Early HIV Treatment With Antiretrovirals Unlikely to Impair Cognitive Development in Children, Study Finds

Kim LaCapria

A study out of Thailand examining the neurological impact of the use of HIV treatment drugs on small children seems to indicate that use of medication including antiretrovirals is unlikely to cause cognitive impairment, even when started at a young age.

Deputy director for scientific affairs for the HIV Netherlands Australia Thailand (HIV-NAT) collaboration in Bangkok Jintanat Ananworanich, MD, said that "IQ scores at week 144 averaged 75 for HIV-infected children who underwent immediate antiretroviral therapy; those who were not treated with HIV-suppressant therapy until CD4-positive cell counts dropped had an average score of 74, not a significant difference," noted in MedPageToday's review of the recent study. The study- which has not yet been peer reviewed- lasted 144 weeks in total and followed 280 HIV-positive children in Bangkok.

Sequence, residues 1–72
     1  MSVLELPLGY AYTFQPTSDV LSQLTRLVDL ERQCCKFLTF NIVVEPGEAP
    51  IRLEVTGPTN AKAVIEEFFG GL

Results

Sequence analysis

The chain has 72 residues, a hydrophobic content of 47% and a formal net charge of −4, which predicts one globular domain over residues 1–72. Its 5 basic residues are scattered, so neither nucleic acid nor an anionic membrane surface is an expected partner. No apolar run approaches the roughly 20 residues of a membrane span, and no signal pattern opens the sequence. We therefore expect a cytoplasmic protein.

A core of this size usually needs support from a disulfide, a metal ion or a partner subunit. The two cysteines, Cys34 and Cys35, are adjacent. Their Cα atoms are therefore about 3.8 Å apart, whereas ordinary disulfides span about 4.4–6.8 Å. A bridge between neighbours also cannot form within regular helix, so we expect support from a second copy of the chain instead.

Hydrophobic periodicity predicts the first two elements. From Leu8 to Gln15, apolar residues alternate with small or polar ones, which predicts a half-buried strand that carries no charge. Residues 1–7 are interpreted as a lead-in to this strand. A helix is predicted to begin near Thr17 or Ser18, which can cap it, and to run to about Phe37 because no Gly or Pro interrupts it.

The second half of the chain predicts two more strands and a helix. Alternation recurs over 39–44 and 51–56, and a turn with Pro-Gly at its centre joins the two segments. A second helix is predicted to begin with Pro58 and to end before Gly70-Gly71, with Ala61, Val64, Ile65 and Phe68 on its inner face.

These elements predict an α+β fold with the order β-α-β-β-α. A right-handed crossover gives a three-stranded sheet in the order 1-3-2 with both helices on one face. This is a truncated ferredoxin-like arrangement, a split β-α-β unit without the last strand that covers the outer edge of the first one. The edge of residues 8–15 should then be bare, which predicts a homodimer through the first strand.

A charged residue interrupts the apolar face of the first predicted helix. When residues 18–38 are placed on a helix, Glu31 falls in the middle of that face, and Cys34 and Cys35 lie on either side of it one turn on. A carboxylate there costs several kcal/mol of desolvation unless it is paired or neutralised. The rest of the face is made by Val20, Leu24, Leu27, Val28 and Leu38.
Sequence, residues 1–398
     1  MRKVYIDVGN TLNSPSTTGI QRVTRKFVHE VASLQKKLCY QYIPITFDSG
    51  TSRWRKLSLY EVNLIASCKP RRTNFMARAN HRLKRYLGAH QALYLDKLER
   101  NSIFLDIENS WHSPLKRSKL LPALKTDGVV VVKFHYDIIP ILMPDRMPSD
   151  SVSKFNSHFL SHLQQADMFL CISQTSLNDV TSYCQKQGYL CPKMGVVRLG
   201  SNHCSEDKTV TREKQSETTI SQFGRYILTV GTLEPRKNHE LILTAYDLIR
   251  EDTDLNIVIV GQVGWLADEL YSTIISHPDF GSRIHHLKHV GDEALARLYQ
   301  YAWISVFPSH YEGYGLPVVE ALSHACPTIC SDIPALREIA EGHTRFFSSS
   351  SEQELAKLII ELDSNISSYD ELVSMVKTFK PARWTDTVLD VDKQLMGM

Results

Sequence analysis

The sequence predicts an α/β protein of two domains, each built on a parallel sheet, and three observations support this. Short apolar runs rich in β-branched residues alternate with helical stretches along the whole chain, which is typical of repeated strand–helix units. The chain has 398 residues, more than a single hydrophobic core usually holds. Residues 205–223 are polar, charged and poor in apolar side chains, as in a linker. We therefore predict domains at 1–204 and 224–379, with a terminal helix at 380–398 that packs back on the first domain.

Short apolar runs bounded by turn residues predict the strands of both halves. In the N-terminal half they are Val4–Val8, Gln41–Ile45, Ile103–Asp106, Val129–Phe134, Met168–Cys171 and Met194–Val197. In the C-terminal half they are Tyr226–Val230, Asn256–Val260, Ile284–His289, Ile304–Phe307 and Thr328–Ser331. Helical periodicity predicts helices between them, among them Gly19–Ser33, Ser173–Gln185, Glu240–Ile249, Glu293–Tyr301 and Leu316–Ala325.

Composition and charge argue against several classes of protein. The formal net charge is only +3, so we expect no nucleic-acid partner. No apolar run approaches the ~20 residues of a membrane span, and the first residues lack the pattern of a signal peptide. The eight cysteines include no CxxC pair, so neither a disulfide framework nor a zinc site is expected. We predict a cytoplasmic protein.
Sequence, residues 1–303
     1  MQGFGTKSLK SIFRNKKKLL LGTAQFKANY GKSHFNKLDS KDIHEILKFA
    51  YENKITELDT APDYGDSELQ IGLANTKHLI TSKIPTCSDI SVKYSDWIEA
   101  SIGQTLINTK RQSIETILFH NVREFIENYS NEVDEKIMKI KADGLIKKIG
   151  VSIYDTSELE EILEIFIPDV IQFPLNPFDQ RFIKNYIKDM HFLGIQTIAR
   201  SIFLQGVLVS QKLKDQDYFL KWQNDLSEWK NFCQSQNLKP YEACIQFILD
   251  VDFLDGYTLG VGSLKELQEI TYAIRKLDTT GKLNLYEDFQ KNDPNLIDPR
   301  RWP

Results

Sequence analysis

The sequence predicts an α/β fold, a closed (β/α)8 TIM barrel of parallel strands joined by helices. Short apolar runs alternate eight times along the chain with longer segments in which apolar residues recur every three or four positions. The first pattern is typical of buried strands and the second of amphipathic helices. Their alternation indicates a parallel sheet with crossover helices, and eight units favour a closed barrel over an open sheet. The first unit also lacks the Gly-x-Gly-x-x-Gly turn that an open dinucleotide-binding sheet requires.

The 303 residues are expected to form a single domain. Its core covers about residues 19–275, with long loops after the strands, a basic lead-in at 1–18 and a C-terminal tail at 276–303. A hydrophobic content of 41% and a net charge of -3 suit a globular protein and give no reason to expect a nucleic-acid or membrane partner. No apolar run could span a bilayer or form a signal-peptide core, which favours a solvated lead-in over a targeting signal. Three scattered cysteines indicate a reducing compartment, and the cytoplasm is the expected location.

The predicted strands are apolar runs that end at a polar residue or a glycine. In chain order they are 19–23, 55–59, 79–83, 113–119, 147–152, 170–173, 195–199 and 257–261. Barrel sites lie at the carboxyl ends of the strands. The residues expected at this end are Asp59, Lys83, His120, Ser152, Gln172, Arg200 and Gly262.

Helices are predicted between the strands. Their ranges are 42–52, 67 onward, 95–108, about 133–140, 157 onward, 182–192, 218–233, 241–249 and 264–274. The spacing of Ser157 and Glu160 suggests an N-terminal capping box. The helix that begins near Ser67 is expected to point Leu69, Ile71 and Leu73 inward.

Children in the study had a median age of 9, and given the data found among children who had been treated early on versus those who had not, Ananworanich said researchers theorized that the damage done to the developing brain by HIV is likely to pose more of a risk to cognitive development than the drugs used to treat it:

"Poorer performance on neurodevelopmental testing among HIV-positive children may be related to early HIV insult to the brain," she suggested. "The optimal window of opportunity in antiretroviral initiation remains early in infancy."
"We know that this virus likes the brain and we know that the baby brain is very vulnerable to the virus. In these groups the children are starting therapy later and perhaps the damage to the brain has already been done before they even got to the benefit of antiretroviral treatment."